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Excerpt from Oral History Interview with Carnell Locklear, February 24, 2004. Interview U-0007. Southern Oral History Program Collection (#4007) See Entire Interview >>

Violent disagreement during Lumbee rights meeting

Locklear describes some of the details of his efforts to attain federal recognition and benefits for the Lumbees. He and others took over the Bureau of Indian Affairs (BIA) to protest the Lumbee Act, which had recognized twenty-two Lumbees as at least half Indian by blood but denied them benefits. He recalls one meeting where the accusations of another Lumbee sparked violence.

Citing this Excerpt

Oral History Interview with Carnell Locklear, February 24, 2004. Interview U-0007. Southern Oral History Program Collection (#4007) in the Southern Oral History Program Collection, Southern Historical Collection, Wilson Library, University of North Carolina at Chapel Hill.

Full Text of the Excerpt

MALINDA MAYNOR:
Was that the BIA?
CARNELL LOCKLEAR:
The BIA, we took over the BIA. We had 1500 of us. So we met with-I met with me and Dennis and Russell and Vernon Bellecourt and Clyde. It was five of us met with Nixon's lawyer. [unclear] what was his name? But anyway, he told me personally, call me over. Says, Carnell, if you'll get your people out of here, go back home, we're going to give each organization so much money. Pay for your gas and pay for you some food, if you'll get them out of here and go back home. He says, write me a proposal and send it direct to me. He said, we'll see that something is done. Well, in the main process, before we went there, Thomas N. Tureen agreed to file a lawsuit against the Secretary of Interior, Rogers C. B. Morton, about the 22. And the federal judge at that time, I forgot his name, he said, the 22 must honor the Lumbee Act. The Lumbee Act at that time stated they recognized these people as Indians, but won't have no benefits [unclear] because of their status as Indians. So I told Thomas, I said, "Let's appeal that, Tom." So he went to the Fourth Circuit Appeals in Richmond. The Fourth Circuit Appeals listened to both sides, Thomas N. Tureen argued for it and then you had the Secretary of the Interior's office argued against it. So the Fourth Circuit Appeals agreed with us, that those 22 individuals was not under the Lumbee Act. That these Indians was more than one half degree of Indian blood. And the border line people was one half or more degree of Indian blood. And if they had any brothers or sisters, they were automatically covered. So what we done, was Thomas N. Tureen and Barry Nakell, we agreed at that time-we had already come back. We had done that before, when we filed a lawsuit and lost it before we went to Washington. And then while we was in Washington, Thomas N. Tureen appealed it, and they heard it, and they put 1974. When we come back from Washington, I had a meeting that Wednesday night, and I told the people, I said, "Listen, this is what we've got to do." I said, "We've got to write down what we want." So I had brought a person in to help us write a grant, a proposal for what we wanted to accomplish. And there was a guy sitting in there who was a grandson of one of the original 22. He stands up in the meeting and says, "Ladies and gentlemen, I've got some bad news for you." I mean, right out of the deep blue sky. "I've got some bad news." He paused, he said, "Carnell Locklear sold us out." He said, "He got a hundred thousand dollars. He's got a brand new Cadillac, he's got a woman, he's married, out of South Carolina. He's got a home at the beach, he's got a woman in Washington DC." And when he said that, the people said [makes whistling noise]. Just sat there. They broke up, they left there that night. I went home, and about 2:00 that morning, my house got shot at. I heard them coming to shoot. And I took my kids, and got them and put them under the bed. Then my wife and me got up under the bed. And they shot at my house that night. And to that night right on, they split up in five different ways.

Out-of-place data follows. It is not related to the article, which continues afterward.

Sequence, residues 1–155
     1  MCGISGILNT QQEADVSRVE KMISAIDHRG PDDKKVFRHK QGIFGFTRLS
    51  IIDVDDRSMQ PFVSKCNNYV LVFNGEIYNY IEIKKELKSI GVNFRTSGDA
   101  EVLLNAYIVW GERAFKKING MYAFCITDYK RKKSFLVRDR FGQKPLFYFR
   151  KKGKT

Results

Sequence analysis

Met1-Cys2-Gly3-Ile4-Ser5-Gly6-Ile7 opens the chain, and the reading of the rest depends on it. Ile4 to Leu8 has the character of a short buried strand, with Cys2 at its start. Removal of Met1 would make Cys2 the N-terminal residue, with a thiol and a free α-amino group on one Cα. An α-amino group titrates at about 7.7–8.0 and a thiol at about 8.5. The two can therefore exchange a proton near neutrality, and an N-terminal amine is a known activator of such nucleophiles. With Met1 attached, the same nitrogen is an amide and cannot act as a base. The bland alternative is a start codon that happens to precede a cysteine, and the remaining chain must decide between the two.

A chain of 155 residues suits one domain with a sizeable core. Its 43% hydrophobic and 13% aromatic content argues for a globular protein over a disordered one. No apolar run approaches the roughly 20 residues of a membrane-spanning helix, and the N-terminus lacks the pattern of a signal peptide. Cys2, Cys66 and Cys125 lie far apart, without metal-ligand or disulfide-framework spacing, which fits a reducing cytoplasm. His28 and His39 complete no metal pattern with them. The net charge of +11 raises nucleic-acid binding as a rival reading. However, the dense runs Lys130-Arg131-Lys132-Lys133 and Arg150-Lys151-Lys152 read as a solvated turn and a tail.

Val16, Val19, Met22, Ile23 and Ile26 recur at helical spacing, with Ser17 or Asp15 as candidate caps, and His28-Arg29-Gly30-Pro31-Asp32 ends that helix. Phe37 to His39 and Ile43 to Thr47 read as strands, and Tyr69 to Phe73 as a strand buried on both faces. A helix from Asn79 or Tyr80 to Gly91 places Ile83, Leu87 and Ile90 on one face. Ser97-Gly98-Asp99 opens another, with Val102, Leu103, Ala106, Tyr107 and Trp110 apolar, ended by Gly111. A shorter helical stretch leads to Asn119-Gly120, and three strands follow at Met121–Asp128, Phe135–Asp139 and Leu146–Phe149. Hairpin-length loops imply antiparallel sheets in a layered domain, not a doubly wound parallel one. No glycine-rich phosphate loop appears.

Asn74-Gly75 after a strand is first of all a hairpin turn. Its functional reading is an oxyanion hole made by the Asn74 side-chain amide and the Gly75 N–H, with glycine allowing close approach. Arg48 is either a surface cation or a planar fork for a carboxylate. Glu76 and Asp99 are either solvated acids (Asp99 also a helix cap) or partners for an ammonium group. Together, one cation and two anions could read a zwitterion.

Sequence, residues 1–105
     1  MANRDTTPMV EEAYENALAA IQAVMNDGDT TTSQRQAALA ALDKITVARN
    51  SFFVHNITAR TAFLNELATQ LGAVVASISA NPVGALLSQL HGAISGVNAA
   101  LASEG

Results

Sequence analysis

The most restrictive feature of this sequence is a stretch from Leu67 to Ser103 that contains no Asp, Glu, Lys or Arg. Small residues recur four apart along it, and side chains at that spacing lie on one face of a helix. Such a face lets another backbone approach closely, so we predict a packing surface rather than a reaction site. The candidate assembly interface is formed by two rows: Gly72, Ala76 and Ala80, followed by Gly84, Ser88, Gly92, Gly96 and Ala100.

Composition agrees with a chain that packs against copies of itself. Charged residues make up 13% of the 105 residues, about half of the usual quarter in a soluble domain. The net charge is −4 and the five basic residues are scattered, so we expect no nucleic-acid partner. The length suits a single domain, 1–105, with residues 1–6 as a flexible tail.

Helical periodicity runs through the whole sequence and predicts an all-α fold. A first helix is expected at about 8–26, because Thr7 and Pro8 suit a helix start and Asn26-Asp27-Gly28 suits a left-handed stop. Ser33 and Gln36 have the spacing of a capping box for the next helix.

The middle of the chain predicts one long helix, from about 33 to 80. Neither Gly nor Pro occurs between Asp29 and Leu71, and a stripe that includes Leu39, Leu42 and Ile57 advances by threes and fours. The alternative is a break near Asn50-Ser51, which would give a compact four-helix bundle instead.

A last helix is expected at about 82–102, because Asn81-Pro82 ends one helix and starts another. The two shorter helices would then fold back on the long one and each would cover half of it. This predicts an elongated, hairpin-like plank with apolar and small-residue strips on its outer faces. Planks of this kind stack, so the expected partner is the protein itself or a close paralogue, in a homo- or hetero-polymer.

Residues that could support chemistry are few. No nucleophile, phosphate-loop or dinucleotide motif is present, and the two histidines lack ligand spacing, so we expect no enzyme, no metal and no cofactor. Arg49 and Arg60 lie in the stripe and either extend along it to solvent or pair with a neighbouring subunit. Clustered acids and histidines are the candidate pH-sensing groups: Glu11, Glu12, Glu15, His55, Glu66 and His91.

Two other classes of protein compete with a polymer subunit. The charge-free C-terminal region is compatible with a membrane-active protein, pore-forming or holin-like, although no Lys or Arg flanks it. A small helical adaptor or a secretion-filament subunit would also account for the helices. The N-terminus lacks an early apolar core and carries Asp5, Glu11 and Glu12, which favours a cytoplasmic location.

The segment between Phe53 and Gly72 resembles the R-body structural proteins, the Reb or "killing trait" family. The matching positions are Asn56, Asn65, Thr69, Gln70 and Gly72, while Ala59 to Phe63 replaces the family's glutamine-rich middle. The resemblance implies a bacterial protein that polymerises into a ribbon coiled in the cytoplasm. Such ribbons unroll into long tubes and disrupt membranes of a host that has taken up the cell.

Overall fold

MALINDA MAYNOR:
Why did he say that?
CARNELL LOCKLEAR:
His name was Howard Brooks, he lived over here on the river.
WILLIE LOWERY:
Howard Brooks, that-
CARNELL LOCKLEAR:
Chief Howard Brooks.
MALINDA MAYNOR:
Not the doctor-
WILLIE LOWERY:
No, no I'm saying-
MALINDA MAYNOR:
Yeah, the Howard Brooks that was [unclear] .
CARNELL LOCKLEAR:
Yeah, he got locked up with Golden Frinks. So Howard took them on a streak. What happened when they shot at my house, my mama told me don't go back there. I said, "Mom, I'm going back there. To one more meeting." When I went back to that meeting that night, they had pitchforks, they had knives, they had guns, they had axes and everything. My mother went with me, and my Aunt Maggie. Aunt Maggie had a .22 pistol, and she pulled it out that night, said, "If you all lay your hands on him, I'll blow your brains out." So we had to back out of the meeting that night.